In the very first issue of Community Living, in April 1987, our fabled first editor David Brandon wrote a great article entitled Simple Simon’s sad message – the cruel humour of kids’ comics.
David eloquently denounced the plethora of jokes in children’s joke books and comics about ‘thick’ and ‘stupid’ people, with names like Loopy Lulu and Stupid Sid. He saw these disablist and devaluing jokes deriving from the well-known19th century children’s nursery rhyme about Simple Simon who met a pieman going to the fair and proceeded to do all sorts of ridiculous things, because of his crippling lack of intellect.
Simple Simon himself has a long ancestry and has appeared in many guises over the centuries. He has played a big role in the consciousness of British people. A dictionary of slang from 1788, compiled by a gentleman called Francis Grose (1) defined a ‘Simon’ as follows: “…a sixpence. Simple Simon; a natural, a silly fellow. Simon suck-egg, sold his wife for an addle duck egg.”
This conveyed a number of meanings that were applied to ‘simple’ people at this time. There was a widespread belief amongst urban dwellers, particularly Londoners, that people from the countryside were dim and slow (think Norfolk jokes today), and so any popular rural name was turned into an insult that implied a lack of brains – as well as a Simon, you could also be a Roger, a Dick or a Ben.
The reference to a sixpence is because the sixpenny coin at this time was ‘easily bent or distorted’. Thus a sixpence could refer to a person who was physically ‘bent’, but also to someone whose low intellect meant they could be easily exploited. The rhyme about selling his wife for an egg refers to Simon’s inability to understand value or family relations.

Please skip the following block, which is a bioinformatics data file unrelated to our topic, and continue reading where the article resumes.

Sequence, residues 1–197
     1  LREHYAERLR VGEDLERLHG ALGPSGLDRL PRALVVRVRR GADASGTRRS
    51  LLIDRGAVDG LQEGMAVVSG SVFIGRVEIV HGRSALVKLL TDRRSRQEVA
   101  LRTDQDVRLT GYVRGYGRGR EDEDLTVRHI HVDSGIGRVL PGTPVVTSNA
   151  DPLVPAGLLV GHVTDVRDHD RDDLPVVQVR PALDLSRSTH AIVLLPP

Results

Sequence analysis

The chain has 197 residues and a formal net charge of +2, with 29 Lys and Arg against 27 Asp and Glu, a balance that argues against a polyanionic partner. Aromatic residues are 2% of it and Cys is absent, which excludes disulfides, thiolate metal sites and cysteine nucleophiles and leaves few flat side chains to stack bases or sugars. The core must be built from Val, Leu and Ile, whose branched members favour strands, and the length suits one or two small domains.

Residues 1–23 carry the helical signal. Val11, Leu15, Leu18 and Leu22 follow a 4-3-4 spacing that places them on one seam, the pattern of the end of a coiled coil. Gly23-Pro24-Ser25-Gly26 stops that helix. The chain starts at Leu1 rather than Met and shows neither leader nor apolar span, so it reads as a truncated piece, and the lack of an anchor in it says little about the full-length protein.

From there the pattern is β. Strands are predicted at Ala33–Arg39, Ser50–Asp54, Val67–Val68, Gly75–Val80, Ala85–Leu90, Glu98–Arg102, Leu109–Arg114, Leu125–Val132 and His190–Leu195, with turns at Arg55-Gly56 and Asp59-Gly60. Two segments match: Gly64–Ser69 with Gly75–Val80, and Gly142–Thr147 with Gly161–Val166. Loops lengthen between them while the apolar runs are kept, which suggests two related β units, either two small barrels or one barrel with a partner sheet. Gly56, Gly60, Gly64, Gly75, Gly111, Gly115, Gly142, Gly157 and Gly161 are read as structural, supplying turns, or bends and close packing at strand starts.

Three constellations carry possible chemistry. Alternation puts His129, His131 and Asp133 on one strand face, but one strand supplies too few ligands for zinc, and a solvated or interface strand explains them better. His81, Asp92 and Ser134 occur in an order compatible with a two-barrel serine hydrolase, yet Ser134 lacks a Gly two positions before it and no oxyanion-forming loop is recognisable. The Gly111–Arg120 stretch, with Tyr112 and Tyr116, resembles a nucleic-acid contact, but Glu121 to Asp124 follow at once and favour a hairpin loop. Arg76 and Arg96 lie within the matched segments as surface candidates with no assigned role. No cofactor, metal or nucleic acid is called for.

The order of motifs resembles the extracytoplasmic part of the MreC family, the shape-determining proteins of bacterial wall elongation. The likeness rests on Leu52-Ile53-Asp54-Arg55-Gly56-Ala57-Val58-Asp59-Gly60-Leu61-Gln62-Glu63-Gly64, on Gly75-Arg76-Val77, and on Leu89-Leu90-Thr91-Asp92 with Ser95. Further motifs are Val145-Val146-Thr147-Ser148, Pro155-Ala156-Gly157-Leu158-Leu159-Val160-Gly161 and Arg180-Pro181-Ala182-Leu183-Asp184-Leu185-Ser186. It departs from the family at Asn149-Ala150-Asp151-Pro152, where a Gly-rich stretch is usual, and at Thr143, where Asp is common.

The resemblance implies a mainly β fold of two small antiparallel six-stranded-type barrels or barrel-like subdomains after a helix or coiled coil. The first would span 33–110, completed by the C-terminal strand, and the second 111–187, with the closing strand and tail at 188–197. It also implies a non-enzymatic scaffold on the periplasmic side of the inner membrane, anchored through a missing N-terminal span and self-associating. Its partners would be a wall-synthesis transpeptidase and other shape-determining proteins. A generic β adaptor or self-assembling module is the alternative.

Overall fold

There were numerous stories and songs about Simple Simon in the17th and 18th centuries, often sold in one-penny ‘chapbooks’ that even very poor people could afford. These Simons were always men, not the perceived child of the nursery rhyme, and always married to a shrewish wife, usually called Margery, who would become so exasperated by Simon’s stupidity that she would dish out all sorts of extreme violence to him.
In one story from 1775 (2) Margery hits Simon with a staff, ‘such a clank on the noddle, as made the blood spin’. She then ‘let fly with an earthen pot, which caused the blood to run about his ears’ and whips him with a dog whip. In a song from the same year, (3) ‘Poor Simon’ is attacked by the hard-drinking Margery who beats him with a large cudgel, ‘lugs’ his ears and ‘rings’ his nose, until he weeps. And this was the joke. Simon was so simple, he could not fulfil his role as a man, and was dominated and beaten by his wife, when it should be the other way round. To people in the 18th century, used to a social order in which men were always on top, this was hilarious.
And yet there was always a happy ending. Whenever it reached the point where Simon was pushed beyond endurance by Margery, and would start to weep, or even try to commit suicide (his attempts, of course, always failed), then the neighbourhood would intervene. They would summon Margery and Simon to them, open some jugs of strong ale, and persuade Margery to stop the violence.
They sent for his wife, who came without fail/ their peace was made o’er a jug of ale. (3)
Somehow, Simple Simon – laughed at, ridiculed, beaten by his wife, unable to understand what was required of him – somehow he hung in there and the community wanted him to stay. Simple or not, he was one of them.
- Francis Grose, A classical dictionary of the vulgar tongue, London, 1788 (2nd edn.)
- Anon., Simple Simon’s misfortunes and his wife Margery’s cruelty, which began the very next morning after their marriage, London, 1775.
- Anon., A pleasant song – of many more misfortunes of poor Simon, London, 1775.